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August 31, 2006 11:32 AM   Subscribe

I sent a letter domestically in the mail (USPS) one cent short on postage. Will it get there?
posted by thirteenkiller to Work & Money (18 answers total)
 
Probably not. It'll probably be returned to you.
posted by Steven C. Den Beste at 11:41 AM on August 31, 2006


I get mail all the time short on postage with a USPS ink stamp on it saying, "You owe $.06" or something like that.
posted by MarkAnd at 11:46 AM on August 31, 2006


It will probably just slow down processing-- that claim could sit for quite a while until somebody in the mailroom goes down to the post office to pay the penny and pick up the letter.
posted by InfidelZombie at 11:53 AM on August 31, 2006


From the USPS website:

Question
What happens to 'postage due' Domestic mail?

Answer
Throughout its journey mail may be periodically checked to ensure it has proper postage. If a mail piece does not have proper postage, it may be returned or delivered according to the following scenarios:

* If the item is without postage, or it appears postage fell off, it is endorsed "Returned for Postage Mail" and sent to the return address on the mailpiece.

* If the item is short paid , it will be delivered postage due and the carrier will endorse it to show the amount of the postage due.
o The recipient must pay in cash for postage due mail before the mail is delivered.
o Depending on location, carriers may or may not be able to collect Postage Due directly from a customer or a customer's mailbox; for further information on how to pay for the Postage Due, please contact your Local Post Officeâ„¢ facility.
o Rural Carriers are not required to go to the door with a postage due letter. Policy stipulates that Rural Carriers go only as far as the mailbox and blow the horn. The recipient must come out to the mailbox to pay and receive the letter.
o Note: If the short paid item cannot be delivered as addressed (including if the recipient refuses to pay for and accept it), it is endorsed "Returned for Additional Postage" and sent to the return address on the mailpiece.

* If an item is returned because of no postage or insufficient postage and one of the following is the case:
o No return address is shown
o The delivery and return addresses are identical
posted by MarkAnd at 11:53 AM on August 31, 2006


I bet it gets delivered with no problem.
posted by MarkAnd at 11:56 AM on August 31, 2006


The post office is full of good and generally overworked people. There's a good chance this will get there ok--i think it's harder to return a letter than to send it on its way, unless it's going from maine to hawaii or something. they could return it to sender though.
posted by shownomercy at 12:29 PM on August 31, 2006


I got a letter once that was short $.12 in postage. The mailman left it in the mailbox with a note that it was short postage and a little envelope to leave cash payment in the mailbox for him.

I'm betting your letter will get delivered no problem.
posted by geeky at 12:53 PM on August 31, 2006


I sent mail with old stamps for about a month recently, when the postage rates went up by $0.01. None of them came back to me, though I imagine they're flexible during that switchover period.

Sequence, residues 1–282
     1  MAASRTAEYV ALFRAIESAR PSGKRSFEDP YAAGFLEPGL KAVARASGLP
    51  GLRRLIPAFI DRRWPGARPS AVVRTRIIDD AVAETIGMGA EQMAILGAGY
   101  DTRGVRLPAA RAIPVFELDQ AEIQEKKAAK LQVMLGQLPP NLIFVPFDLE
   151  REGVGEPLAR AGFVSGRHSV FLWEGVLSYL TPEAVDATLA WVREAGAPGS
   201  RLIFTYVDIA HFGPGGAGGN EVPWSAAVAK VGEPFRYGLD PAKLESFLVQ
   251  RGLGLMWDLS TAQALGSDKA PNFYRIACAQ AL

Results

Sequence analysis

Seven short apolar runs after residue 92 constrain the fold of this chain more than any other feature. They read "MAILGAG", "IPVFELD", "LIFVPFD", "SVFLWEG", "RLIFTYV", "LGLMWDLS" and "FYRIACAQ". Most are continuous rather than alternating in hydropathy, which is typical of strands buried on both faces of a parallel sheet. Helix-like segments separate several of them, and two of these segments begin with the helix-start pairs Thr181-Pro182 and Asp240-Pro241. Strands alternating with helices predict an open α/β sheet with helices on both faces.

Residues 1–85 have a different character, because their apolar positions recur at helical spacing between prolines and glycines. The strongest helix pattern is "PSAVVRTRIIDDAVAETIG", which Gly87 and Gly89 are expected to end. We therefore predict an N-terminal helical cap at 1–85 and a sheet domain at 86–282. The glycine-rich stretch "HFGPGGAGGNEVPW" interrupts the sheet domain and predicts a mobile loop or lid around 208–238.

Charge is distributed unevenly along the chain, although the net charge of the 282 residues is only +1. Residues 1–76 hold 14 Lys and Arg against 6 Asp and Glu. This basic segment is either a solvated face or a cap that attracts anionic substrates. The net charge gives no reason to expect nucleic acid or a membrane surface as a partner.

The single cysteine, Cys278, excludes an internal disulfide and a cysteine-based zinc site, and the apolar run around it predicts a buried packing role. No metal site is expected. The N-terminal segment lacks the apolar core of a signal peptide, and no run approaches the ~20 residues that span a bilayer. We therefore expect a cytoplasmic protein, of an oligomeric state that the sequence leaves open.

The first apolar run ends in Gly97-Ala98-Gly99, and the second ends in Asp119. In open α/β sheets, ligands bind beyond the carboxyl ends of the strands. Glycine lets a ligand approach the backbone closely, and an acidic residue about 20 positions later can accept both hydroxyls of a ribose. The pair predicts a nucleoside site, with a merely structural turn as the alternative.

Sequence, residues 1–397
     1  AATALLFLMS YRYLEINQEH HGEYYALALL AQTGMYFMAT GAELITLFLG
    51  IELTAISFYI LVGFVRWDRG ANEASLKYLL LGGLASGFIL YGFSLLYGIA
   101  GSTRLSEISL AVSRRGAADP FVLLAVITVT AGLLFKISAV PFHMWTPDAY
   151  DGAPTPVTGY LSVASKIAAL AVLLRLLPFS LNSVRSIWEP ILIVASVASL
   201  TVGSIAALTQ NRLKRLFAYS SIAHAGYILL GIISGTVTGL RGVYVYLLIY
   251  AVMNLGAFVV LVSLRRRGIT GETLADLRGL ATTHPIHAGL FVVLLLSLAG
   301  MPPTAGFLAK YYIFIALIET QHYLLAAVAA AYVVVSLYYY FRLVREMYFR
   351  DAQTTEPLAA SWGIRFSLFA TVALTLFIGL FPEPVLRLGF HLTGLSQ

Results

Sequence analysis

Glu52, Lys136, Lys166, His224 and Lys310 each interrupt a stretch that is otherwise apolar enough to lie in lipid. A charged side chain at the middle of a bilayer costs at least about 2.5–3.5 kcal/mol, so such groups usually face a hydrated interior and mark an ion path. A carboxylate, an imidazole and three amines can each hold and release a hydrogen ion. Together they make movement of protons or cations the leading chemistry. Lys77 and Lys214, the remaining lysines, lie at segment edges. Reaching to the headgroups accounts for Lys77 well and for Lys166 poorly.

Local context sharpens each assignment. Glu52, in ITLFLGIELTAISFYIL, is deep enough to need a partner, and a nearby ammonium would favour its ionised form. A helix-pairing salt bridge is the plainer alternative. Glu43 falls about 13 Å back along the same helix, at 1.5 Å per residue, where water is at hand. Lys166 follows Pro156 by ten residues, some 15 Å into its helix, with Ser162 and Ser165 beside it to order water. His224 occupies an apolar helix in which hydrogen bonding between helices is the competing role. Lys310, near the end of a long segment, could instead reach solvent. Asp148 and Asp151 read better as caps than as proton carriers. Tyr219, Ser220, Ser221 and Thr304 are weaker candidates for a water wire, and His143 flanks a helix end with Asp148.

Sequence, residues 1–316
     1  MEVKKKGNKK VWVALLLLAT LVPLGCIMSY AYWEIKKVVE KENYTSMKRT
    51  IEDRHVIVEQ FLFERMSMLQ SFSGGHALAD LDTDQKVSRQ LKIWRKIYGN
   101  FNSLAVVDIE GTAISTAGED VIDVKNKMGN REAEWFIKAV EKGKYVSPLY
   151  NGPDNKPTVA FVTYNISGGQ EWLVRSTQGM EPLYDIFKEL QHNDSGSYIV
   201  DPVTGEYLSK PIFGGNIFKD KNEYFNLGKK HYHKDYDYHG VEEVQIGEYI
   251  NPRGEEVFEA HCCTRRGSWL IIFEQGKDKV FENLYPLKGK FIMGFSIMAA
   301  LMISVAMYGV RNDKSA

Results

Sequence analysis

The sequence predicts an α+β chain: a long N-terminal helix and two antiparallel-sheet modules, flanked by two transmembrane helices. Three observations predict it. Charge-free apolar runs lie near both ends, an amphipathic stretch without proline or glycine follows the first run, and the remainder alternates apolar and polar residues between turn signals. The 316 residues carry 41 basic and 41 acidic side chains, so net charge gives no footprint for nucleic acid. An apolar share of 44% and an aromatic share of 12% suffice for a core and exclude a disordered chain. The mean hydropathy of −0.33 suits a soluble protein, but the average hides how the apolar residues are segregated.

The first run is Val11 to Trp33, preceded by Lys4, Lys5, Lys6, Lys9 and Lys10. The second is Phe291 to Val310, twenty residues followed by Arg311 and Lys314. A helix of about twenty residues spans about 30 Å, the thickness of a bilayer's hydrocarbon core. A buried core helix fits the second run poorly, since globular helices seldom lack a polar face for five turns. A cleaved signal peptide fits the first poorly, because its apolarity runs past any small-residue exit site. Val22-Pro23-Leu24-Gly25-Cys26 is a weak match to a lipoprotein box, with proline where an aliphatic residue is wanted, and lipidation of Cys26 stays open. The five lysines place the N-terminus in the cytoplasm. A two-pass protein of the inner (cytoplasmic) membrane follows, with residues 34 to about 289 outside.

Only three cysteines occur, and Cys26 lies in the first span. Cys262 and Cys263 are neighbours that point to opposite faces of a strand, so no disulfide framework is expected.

posted by waldo at 1:50 PM on August 31, 2006


Wow, the USPS is a stickler, apparently. The Canada Post rule is that you have to get within three cents of proper postage. Which means that after they raise postage a penny, they won't sell you anymore stamps at the old denomination, but there's nothing stopping you from using the ones you have.
posted by jacquilynne at 2:13 PM on August 31, 2006


I have on more than one occasion sent items that I had good reason to believe I totally forgot to put a stamp on. They went through no problem.
posted by Rock Steady at 3:50 PM on August 31, 2006


I've gotten letters in the U.S. over the years that had insufficient postage, which were stamped Postage Due but no one actually bothered to collect the three cents or whatever it was.
posted by grouse at 3:53 PM on August 31, 2006


It really depends. When I lived in Japan, my dad sent me a Christmas card one year and he forgot to put ANY postage on it AT ALL.

I got it 2 days after he sent it from California.

So, you never know. :)
posted by drstein at 4:16 PM on August 31, 2006


Just make sure you never mix up the sender and recipient addresses and then forget to put a stamp on the envelope, because then the USPS would accidently send the letter to the recipient for lack of postage. And that would be stealing.
posted by popechunk at 5:40 PM on August 31, 2006


I can't actually imagine that working all that well. The post office knows where mail is coming from and going to. A letter that shows up in the From New York to LA bag with an LA return address and no postage is going to look mightily suspicious.
posted by jacquilynne at 6:36 PM on August 31, 2006


We don't have this problem in the UK - for letters, we have first and second class stamps that simply have '1st' or '2nd' printed in the corner, so it's quite possible to buy a lot of stamps just before a price increase and be able to use them after the increase.
posted by altolinguistic at 1:54 AM on September 1, 2006


Altolinguistic - there are stamps like that available here also.
posted by thirteenkiller at 10:20 AM on September 1, 2006


thirteenkiller: In the U.S., All nondenominated postage and makeup rate stamps, including official mail stamps, are valid at the original rates of issue.

As opposed to the UK where the nondenominated stamps are advertised as being a "fixed rate price, even if the postage rate changes."
posted by grouse at 11:21 AM on September 1, 2006


Update: It got there, but it took two weeks.
posted by thirteenkiller at 10:34 AM on October 11, 2006


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